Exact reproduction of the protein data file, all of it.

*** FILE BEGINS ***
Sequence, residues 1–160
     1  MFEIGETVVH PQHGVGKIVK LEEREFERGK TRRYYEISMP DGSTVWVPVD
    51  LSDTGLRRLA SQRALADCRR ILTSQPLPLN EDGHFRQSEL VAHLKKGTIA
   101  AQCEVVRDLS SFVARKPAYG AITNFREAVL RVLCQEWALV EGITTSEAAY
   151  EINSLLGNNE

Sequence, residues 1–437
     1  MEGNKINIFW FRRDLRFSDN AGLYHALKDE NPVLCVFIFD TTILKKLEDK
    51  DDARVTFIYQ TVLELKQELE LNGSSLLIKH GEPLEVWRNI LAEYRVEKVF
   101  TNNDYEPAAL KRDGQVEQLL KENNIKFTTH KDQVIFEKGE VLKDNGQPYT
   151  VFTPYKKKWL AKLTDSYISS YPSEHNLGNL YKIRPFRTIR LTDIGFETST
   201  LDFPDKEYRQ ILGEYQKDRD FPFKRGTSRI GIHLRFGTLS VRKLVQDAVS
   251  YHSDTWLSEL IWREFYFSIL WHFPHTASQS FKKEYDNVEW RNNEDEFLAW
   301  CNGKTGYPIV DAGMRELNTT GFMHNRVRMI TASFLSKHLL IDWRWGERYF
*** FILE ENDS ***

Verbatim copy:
Sequence, residues 1–160
     1  MFEIGETVVH PQHGVGKIVK LEEREFERGK TRRYYEISMP DGSTVWVPVD
    51  LSDTGLRRLA SQRALADCRR ILTSQPLPLN EDGHFRQSEL VAHLKKGTIA
   101  AQCEVVRDLS SFVARKPAYG AITNFREAVL RVLCQEWALV EGITTSEAAY
   151  EINSLLGNNE

Sequence, residues 1–437
     1  MEGNKINIFW FRRDLRFSDN AGLYHALKDE NPVLCVFIFD TTILKKLEDK
    51  DDARVTFIYQ TVLELKQELE LNGSSLLIKH GEPLEVWRNI LAEYRVEKVF
   101  TNNDYEPAAL KRDGQVEQLL KENNIKFTTH KDQVIFEKGE VLKDNGQPYT
   151  VFTPYKKKWL AKLTDSYISS YPSEHNLGNL YKIRPFRTIR LTDIGFETST
   201  LDFPDKEYRQ ILGEYQKDRD FPFKRGTSRI GIHLRFGTLS VRKLVQDAVS
   251  YHSDTWLSEL IWREFYFSIL WHFPHTASQS FKKEYDNVEW RNNEDEFLAW
   301  CNGKTGYPIV DAGMRELNTT GFMHNRVRMI TASFLSKHLL IDWRWGERYF